Campus Sexual Assault Adjudication: Why Universities Should Reject the Dear Colleague Letter

47 Pages Posted: 6 Jul 2016

See all articles by Tamara Rice Lave

Tamara Rice Lave

University of Miami, School of Law

Date Written: July 2, 2016


This Article contends that although well intentioned, the mandates of the Dear Colleague Letter (DCL) are not the best way to handle campus sexual assault. Universities should have a number of different options available, from restorative justice processes to a full-blown adjudicatory hearing. When suspension or expulsion may result, the respondent should have the right to an adjudicatory hearing with robust procedural rights. More controversially, this Article argues that despite the DCL, universities are legally entitled to make these changes.

This Article begins by situating university disciplinary proceedings legally and historically. It then turns to the DCL. It discusses whether OCR violated the Administrative Procedure Act (APA) by not going through notice and comment. After determining that the DCL is procedurally invalid, the Article discusses how universities can and should handle these cases while still remaining in compliance with Title IX. The Article concludes by acknowledging that even if schools would be allowed to make these changes they are unlikely to do so because of the considerable social (and indirect economic costs) in challenging the Department of Education.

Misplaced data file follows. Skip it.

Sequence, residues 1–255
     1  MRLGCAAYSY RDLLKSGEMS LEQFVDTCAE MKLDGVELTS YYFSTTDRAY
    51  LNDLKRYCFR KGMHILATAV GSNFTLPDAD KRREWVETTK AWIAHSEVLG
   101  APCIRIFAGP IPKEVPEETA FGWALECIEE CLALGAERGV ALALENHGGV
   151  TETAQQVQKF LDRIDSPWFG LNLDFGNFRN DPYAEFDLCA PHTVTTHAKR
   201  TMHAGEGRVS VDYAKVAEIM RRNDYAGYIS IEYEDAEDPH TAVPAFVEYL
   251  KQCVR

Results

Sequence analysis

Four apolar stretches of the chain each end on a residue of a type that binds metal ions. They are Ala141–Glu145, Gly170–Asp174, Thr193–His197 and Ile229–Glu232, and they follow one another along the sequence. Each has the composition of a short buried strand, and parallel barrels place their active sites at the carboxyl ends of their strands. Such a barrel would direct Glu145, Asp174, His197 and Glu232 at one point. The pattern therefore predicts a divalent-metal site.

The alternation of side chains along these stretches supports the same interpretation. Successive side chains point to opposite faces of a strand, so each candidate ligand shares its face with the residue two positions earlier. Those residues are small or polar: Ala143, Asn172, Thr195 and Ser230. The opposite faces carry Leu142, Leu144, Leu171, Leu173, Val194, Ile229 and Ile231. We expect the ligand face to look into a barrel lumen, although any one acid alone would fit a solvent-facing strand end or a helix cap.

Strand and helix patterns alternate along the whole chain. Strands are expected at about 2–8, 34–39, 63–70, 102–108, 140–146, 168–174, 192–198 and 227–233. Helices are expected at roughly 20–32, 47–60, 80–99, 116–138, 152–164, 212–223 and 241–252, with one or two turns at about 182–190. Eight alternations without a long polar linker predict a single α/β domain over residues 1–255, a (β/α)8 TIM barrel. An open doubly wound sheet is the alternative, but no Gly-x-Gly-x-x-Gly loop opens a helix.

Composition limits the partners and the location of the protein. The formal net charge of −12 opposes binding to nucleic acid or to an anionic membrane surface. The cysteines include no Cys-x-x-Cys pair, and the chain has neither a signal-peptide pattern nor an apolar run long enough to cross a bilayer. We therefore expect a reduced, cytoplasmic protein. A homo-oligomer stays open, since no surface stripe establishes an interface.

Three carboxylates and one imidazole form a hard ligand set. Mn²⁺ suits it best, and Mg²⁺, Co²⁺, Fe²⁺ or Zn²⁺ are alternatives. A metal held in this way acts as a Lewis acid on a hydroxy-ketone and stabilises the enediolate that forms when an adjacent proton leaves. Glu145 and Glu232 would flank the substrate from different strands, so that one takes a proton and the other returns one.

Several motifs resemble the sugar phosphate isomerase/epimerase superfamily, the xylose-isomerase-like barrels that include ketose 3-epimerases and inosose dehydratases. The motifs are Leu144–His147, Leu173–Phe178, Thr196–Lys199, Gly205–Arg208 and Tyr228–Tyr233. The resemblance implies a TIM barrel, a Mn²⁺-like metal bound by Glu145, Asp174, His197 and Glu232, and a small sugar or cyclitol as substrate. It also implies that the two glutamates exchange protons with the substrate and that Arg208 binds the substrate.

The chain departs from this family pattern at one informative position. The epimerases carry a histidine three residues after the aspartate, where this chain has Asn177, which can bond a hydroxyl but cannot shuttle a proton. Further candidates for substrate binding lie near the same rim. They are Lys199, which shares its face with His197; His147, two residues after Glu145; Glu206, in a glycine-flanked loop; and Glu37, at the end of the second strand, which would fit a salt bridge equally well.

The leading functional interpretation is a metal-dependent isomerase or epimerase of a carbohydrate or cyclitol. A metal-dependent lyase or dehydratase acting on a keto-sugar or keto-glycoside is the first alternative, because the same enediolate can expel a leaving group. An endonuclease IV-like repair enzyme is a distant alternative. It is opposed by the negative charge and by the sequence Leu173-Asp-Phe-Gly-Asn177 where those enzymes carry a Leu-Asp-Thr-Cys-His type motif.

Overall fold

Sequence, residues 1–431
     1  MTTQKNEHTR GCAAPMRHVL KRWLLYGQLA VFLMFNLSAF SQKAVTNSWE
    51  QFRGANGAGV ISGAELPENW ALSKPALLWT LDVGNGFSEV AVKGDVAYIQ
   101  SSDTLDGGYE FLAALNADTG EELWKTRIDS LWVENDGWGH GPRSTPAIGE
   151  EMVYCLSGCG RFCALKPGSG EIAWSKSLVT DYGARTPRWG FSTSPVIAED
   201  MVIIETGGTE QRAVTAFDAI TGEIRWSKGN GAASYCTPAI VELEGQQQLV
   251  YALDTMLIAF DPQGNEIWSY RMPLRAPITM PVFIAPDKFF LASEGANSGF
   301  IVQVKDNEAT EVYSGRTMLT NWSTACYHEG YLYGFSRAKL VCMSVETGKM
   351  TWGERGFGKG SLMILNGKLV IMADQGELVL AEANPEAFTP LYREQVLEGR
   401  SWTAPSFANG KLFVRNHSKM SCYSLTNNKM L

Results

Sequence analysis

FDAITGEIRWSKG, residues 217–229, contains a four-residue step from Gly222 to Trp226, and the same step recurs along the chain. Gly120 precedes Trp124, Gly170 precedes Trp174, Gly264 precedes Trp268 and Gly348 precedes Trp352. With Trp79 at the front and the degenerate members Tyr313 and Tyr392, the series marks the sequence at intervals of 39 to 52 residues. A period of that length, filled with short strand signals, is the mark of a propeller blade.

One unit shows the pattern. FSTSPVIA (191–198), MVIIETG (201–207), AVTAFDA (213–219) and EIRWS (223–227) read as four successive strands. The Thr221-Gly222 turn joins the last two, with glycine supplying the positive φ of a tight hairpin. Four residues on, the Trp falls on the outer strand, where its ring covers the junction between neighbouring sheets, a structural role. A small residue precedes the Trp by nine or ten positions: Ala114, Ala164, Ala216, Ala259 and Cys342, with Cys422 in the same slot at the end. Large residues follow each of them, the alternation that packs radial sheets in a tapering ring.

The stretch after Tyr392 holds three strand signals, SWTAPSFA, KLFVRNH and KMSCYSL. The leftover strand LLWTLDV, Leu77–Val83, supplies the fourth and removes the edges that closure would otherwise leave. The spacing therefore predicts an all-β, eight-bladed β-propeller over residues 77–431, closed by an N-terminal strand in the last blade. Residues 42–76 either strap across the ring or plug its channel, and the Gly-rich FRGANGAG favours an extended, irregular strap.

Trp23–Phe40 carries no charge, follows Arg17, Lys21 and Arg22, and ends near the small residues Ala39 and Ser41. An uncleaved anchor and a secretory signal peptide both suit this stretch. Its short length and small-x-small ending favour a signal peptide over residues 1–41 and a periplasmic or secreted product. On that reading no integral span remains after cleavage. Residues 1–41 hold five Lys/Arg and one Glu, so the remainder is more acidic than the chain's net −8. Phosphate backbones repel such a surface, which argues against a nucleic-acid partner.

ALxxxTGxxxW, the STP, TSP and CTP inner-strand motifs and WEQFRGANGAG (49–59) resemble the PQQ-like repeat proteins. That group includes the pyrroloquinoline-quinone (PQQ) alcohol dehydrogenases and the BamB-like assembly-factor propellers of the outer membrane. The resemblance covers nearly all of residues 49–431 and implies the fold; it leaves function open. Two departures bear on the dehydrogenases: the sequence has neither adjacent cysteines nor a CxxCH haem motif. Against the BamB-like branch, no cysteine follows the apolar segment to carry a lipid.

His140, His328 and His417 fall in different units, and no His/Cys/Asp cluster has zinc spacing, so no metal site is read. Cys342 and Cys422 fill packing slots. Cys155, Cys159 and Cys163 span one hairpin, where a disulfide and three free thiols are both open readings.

Suggested Citation

Lave, Tamara Rice, Campus Sexual Assault Adjudication: Why Universities Should Reject the Dear Colleague Letter (July 2, 2016). Kansas Law Review, Vol. 64; University of Miami Legal Studies Research Paper No. 16-30. Available at SSRN:

Tamara Rice Lave (Contact Author)

University of Miami, School of Law ( email )

P.O. Box 248087
Coral Gables, FL 33146
United States


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